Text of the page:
Fox Hunting



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Fox Hunting


In 1909, sheep farmers in Lennoxtown and surrounding districts were alarmed at the numbers of sheep and lambs being killed, allegedly by foxes. At Ballagan, Mr. Craig lost 23 lambs; Blairtummoch 20; Knowehead about 20; and the Craigend and Glenside flocks were also reduced. The sheep farmers of Fintry and Ballinkinrain, and those between Killearn and Strathblane, were also deploring the ravages among their flocks. It was reckoned that in their area 100 lambs had been killed.

As a result, an all out assault was agreed upon, and the biggest Fox Hunt ever seen in the district was planned, and took place in April 1909. The hunt was organized with military precision, and a great deal of effort went into ensuring that each man knew exactly what part he would play in the drive.

It was decided that the drive would take place, in wet or dry weather. The ground covered included an area of about 40 square miles, stretching from Ballinkinrain in the north  to Ballagan in the south, Craigbarnet in the south east, Ballencleroch in Campsie, Culcruech in Fintry district, Ballewan, Duntreath and Lettre in the south west and west.

Attached to the Craigbarnet and Duntreath sections were some 40 boy scouts from the Lenzie and Blanefield Troops of Scouts, who were spread through the beaters to act as signallers.

Each party followed precise instructions as to when and where they had to beat, and when to advance. The objective was to drive the foxes towards Earls Seat, where a line of men with guns would be waiting. The drive started at 9am, and it was planned that by 12.30pm, all parties would be ready to move on Earls  Seat.  Anyone sighting the 'earth' was instructed to report immediately to the keeper in charge of his section. he would seal the 'earth', and a reliable gun man would be left in charge of the spot.

 The first fox was sighted by the right flank of the Craigbarnet section, which was extended east of Finn Glen, and immediately another fox was sighted by the same party. Both foxes made for their 'earth' well up in the glen, and in accordance with instructions, this was secured by a reliable gun who was left in charge. Another fox was driven on to the guns at Earls Seat, but although two shots were fired, they missed the target.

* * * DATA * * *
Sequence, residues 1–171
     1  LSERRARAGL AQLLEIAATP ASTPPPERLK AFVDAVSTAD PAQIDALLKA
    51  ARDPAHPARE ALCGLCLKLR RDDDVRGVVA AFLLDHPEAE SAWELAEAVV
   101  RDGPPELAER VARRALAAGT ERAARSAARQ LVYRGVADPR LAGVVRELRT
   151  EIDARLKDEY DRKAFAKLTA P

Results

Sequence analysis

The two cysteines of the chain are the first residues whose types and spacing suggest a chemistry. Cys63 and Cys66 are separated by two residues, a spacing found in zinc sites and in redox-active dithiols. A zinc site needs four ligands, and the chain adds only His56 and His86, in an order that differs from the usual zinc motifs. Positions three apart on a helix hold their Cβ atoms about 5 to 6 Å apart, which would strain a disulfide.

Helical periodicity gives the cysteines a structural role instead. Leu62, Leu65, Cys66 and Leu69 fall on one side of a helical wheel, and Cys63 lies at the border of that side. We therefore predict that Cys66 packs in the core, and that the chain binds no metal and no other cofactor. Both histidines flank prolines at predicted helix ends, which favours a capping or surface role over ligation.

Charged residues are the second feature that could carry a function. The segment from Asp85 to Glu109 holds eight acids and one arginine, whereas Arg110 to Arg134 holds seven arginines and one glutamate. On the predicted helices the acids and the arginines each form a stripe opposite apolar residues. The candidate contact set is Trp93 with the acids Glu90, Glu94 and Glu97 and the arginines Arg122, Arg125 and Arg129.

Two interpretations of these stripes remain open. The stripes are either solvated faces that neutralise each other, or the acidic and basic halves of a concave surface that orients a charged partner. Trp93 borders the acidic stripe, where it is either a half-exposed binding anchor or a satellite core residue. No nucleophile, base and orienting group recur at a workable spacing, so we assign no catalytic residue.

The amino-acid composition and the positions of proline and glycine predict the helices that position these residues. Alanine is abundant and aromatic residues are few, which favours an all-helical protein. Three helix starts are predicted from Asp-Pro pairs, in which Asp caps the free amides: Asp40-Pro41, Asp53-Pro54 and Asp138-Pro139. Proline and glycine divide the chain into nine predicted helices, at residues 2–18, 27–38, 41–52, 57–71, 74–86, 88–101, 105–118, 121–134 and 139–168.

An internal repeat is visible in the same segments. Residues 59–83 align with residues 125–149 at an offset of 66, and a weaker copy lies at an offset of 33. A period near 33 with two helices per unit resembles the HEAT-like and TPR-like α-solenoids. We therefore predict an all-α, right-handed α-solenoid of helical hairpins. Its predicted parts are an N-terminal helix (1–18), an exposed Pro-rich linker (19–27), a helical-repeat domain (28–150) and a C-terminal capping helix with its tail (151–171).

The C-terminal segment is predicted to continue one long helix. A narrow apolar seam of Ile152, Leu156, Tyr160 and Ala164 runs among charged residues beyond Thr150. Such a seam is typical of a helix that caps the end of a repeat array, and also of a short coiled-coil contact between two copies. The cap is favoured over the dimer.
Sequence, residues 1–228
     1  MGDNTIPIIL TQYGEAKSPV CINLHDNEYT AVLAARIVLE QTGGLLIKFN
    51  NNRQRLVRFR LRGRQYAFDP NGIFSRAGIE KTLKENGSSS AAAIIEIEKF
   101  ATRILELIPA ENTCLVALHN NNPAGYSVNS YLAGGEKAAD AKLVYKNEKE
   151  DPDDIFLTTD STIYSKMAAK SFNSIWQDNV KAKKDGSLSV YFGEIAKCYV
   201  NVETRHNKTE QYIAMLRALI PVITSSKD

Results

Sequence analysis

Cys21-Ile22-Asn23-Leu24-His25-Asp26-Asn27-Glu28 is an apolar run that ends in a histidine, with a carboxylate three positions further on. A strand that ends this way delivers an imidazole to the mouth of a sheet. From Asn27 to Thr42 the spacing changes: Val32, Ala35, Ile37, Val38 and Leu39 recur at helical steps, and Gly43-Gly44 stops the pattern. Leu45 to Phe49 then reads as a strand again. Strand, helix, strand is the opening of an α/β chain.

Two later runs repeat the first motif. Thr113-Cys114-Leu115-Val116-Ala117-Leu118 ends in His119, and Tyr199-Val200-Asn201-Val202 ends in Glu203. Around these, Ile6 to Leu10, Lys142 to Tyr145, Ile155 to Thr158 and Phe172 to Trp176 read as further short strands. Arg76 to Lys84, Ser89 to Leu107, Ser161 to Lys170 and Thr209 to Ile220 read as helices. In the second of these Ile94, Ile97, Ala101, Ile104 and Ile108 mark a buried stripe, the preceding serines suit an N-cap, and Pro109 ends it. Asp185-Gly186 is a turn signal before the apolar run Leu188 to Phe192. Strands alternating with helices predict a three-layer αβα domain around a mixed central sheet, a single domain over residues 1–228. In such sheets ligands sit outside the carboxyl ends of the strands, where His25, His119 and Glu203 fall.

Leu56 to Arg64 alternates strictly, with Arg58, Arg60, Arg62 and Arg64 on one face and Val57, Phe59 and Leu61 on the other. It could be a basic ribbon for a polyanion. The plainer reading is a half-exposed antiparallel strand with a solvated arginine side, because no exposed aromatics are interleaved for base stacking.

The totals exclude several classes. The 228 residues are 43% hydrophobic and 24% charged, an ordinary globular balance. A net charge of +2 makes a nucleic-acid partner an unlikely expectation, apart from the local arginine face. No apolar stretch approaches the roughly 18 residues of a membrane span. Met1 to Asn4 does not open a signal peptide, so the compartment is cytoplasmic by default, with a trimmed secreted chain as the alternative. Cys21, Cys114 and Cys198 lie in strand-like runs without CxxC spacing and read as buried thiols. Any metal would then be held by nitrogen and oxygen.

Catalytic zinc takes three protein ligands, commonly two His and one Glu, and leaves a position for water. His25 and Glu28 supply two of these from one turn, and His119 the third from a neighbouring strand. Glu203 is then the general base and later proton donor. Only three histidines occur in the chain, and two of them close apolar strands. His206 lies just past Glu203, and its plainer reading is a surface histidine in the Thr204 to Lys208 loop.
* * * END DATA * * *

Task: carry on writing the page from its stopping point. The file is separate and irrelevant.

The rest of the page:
When all guns, scouts, beaters, and keepers arrived at Earls Seat, they had some refreshments before the Scouts secured the 'earths' with terriers. On the way back, the  Ballinkinrain section shot a fine specimen of a dog fox and wounded another. They discovered the den, where they secured 5 cubs.

Following this hunt, Reynard still visited the district, but it was reported that "although his depridations have not been so serious this last fortnight, a strict watch is still being kept. Last Tuesday, Mr. Sangster, head gamekeeper at Lennox Castle, was successful in killing a fine specimen of a dog fox on the cattle moor, near the boundary with Craigmaddie. Mr. Cameron, the shepherd at Balcarroch Farm, shot a dog fox and three cubs, and Mr. Gibson, of  Glorat, secured the vixen. The lair was located and raided, and Mr. McAdam, the gamekeeper at Cappieston, caught 2 young cubs, which were kept alive and sold to agents who looked after the sport of fox-hunting."

It was assumed that the Fells had been cleaned out of foxes, but one night the shrill bark of one was heard on the face of the hill, and indication that another unwelcome visitor was searching for food. It was thought, however, that it only paid a short visit to the local hills.

Of the 120 people who took part in the drive, none were injured. The services of the Scouts were highly appreciated, and the hunt was thought to have proved a first-class training for them! The question that springs to mind is - for what?


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